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Jack Monroe’s out to show that financial data can help 5.8m ‘invisible’ Brits

Despite a successful career as a food writer, Monroe has been turned down for credit because of a thin credit file

Bootstrap Cook writer Jack Monroe has revealed that a lack of financial data has even had an impact on her ability to access credit despite being a successful author.

Monroe, 30, revealed that she has been repeatedly turned down for an overdraft and was left struggling to make ends meet because of a thin credit file. That puts her among the 5.8 million people who are ‘invisible’ to the financial system, limiting their ability to borrow from mainstream sources and forcing them to turn to unscrupulous high-cost lenders.

Big Issue Invest, our social investment arm, has been working with the credit reference agency to change that reality for those with no access to fair credit with the Rental Exchange.


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Big Issue founder Lord John Bird is taking the idea a step further with his Creditworthiness Assessment Bill, which is currently awaiting its second reading in the House of Commons after passing through the House of Lords without amendment.

Being excluded from mainstream credit is not just an issue affecting the poor, families on average incomes, middle-aged adults with low income and pre-retirement households are all affected as well as young twentysomething renters.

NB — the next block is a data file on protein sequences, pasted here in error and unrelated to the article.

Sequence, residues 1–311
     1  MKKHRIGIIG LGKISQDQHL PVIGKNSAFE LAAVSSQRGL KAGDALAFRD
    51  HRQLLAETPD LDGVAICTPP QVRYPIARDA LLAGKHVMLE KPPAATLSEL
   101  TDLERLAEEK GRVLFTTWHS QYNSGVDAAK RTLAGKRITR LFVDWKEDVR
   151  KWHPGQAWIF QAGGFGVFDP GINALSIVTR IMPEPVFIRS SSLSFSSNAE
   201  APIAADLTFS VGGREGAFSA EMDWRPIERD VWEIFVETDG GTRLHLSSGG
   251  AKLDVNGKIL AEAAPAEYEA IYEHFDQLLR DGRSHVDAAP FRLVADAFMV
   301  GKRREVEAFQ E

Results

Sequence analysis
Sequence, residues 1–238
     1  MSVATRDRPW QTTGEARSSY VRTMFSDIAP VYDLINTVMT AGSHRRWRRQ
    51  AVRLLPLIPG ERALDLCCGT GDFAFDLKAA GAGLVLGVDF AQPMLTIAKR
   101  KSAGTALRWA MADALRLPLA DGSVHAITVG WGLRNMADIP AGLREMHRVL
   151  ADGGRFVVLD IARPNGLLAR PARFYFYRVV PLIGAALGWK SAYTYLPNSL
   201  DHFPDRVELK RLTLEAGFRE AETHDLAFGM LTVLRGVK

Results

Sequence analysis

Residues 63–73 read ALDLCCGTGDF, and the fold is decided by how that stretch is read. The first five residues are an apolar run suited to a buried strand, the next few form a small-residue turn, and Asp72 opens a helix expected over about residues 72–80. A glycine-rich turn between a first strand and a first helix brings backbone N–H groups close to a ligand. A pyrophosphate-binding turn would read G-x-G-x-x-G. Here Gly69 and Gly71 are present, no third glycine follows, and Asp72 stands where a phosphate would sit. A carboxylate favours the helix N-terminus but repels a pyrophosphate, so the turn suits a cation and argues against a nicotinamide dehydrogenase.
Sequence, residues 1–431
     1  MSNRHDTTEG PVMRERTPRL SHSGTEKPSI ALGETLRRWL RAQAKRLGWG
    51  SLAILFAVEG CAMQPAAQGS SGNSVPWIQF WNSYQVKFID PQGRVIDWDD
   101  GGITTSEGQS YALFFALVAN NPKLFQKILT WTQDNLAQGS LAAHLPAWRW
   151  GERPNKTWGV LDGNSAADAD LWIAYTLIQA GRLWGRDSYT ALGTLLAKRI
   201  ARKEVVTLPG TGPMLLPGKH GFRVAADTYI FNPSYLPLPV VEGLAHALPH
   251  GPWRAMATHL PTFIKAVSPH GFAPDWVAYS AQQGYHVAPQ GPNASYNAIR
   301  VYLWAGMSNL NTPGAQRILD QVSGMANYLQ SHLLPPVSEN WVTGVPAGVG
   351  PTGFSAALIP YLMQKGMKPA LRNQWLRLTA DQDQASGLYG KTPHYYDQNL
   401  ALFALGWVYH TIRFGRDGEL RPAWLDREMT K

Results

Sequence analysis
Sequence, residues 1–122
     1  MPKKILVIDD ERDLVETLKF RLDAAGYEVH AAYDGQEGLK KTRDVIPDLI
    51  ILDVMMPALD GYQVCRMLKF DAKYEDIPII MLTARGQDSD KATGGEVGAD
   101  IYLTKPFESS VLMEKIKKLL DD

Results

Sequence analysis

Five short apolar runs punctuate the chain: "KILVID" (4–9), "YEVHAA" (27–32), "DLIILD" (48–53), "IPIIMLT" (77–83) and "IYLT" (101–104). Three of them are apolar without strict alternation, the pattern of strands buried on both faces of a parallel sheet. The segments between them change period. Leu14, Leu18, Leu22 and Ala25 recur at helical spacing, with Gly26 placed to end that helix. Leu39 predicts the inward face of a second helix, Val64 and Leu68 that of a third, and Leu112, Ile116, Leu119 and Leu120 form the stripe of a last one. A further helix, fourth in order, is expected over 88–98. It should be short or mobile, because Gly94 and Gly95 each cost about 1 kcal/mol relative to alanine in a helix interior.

Monroe is now encouraging Brits to build up their credit file to avoid the financial exclusion that has plagued her in the past.

“Due to a lack of financial data, no one could lend me even fifty pounds,” she said. “My only options were high-interest lenders or pawning my own goods. Even with a book deal, I still could not borrow from mainstream lenders.

“However, realising that my situation was not permanent, that there were small steps that I could take to improve my financial visibility offered me hope. Everyone should be able to access affordable financial services, I hope my story will help others to seek out the necessary advice to help build their financial visibility.”

James Jones, head of consumer affairs at Experian UK&I, said: “Unfortunately, for millions of people in the UK, a lack of information might be hampering their access to appropriate mainstream financial services, leading to a scenario where people are paying more for goods and services and have much less choice.”

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